May 1, 2019
When and why did you decide to become a civil engineer?
I studied languages at school and aspired to be a translator. But then I went along to a careers evening for the local boys’ school where I met an inspirational civil engineer. That was it; I was sold. I went home and told my mum that I wanted to be a civil engineer. She said ‘don’t be daft, girls don’t do that.’
That obviously didn’t put you off, what were the next steps to you realising your dream?
I had to do a couple of extra O levels and I had to change everything I had planned to do at A level. I then got a place at Newcastle University to study civil engineering.
Tell me about your early career?
I graduated in 1979 when no one wanted a girl engineer. I became a maths teacher but all the while I kept looking for a job in civil engineering. After several abortive interviews, I got a job with Tyne & Wear County Council as a junior engineer. They put me on a training scheme, which was great because I got to try a little bit of everything. When I qualified, I was put in the structures team.
Did you have any role models in civil engineering at the time?
There wasn’t anyone really – and certainly not any female ones. It’s interesting because, even now, we all know of famous architects, famous doctors and famous scientists, but most people, if they were asked to name a famous civil engineer, would be hard pressed to.
How did your career progress?
I spent the first 12 years of my career in local authorities and I can point to lots of different bits of road that I’ve built in the North East. For example, I built the roads into the Metro Centre. I also built a bridge over the A19. My children got sick of me telling them every time we drove past but in civil engineering, you get very attached to the things you’ve made.
After local authorities, I went to work for what was then the Highways Agency ,where I project-managed larger projects. I then went to the Government Office for the North East in a role that was much more about policy – so deciding what got built and who was awarded the contracts.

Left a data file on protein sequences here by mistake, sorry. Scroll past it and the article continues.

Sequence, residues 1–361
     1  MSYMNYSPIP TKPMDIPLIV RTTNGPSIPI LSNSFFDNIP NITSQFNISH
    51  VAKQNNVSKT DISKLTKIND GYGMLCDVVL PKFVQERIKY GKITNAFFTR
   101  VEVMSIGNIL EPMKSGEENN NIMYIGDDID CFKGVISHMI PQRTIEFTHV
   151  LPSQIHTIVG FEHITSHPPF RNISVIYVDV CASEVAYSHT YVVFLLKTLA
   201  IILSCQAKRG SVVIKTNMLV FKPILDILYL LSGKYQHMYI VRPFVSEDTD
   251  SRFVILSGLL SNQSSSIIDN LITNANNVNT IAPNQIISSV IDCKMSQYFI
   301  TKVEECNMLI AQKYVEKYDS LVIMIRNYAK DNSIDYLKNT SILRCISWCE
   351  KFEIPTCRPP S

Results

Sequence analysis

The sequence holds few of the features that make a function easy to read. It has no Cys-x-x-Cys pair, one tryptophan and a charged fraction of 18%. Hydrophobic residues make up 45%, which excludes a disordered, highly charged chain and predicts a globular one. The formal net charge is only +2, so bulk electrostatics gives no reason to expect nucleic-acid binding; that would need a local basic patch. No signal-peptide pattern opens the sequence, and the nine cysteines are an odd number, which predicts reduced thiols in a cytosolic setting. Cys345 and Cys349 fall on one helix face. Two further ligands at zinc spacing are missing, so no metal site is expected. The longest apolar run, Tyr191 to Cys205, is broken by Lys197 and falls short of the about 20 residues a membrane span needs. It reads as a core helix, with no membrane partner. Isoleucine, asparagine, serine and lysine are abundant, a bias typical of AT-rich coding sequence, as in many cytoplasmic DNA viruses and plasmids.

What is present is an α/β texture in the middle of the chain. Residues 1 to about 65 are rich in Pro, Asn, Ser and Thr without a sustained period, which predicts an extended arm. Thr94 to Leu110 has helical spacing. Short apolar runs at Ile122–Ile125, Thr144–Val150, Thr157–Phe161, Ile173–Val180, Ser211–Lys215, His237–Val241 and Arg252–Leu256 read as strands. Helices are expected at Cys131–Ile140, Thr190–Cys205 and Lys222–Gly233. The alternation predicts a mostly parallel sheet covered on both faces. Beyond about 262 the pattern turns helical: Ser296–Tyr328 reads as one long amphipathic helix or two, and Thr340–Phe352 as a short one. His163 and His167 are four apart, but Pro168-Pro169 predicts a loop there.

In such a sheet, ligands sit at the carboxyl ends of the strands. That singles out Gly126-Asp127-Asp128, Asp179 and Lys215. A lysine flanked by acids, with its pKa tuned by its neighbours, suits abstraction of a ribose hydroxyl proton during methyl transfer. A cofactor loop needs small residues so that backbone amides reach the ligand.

I left there and had six months doing all manner of things – including a brief spell in renewable energy. I then joined the Institution of Civil Engineers (ICE). I started as a membership development officer, working with young engineers to help them get professionally qualified. I moved from that to become the regional director for the North East, which was then expanded to include Yorkshire and Humber.
What does the ICE do?
Globally, we have 92,000 individual members and, of that, I’m responsible for about 6600. We provide a number of services, such as knowledge, best practice and continuous professional development advice and support. We also help people achieve their Chartered qualifications. A lot of my job is about educating people about what civil engineering is. We do a lot of outreach with schools and last summer we held the Great North Engineering Experience at the Mining Institute in Newcastle, which had more than 34,000 visitors.
Is the civil engineering sector in the North East in a good place at present?
Civil engineering is in suspended animation at the moment. With Brexit, investors have been wary of investing in [civil engineering] projects. There’s not as much in the pipeline as there should be. You only have to look at the number of cranes over the skyline of North East cities to know there’s not much going on. That said, the housebuilding industry is quite buoyant, which is good.
Does that mean that North East civil engineering companies are struggling?
The thing to remember is that civil engineering is a global profession. We don’t just do it here. So the young engineers that I work with and I meet regularly, like being based in Newcastle but they might be working on a project in Qatar for the World Cup in 2022, or on a bridge in Singapore. They’re working all over the world. The state of the industry here doesn’t necessarily mean there isn’t anything to do or that there aren’t any jobs. There are lots of opportunities.
How has civil engineering changed since you started in the sector?
When I started there were lots of small, local firms but most of these have been taken over by multinational conglomerates. These big firms win work in the international market and then put that work into the places where there are the right skills. We have some highly skilled people in the North East doing very complex design. This is exciting for young people entering the profession.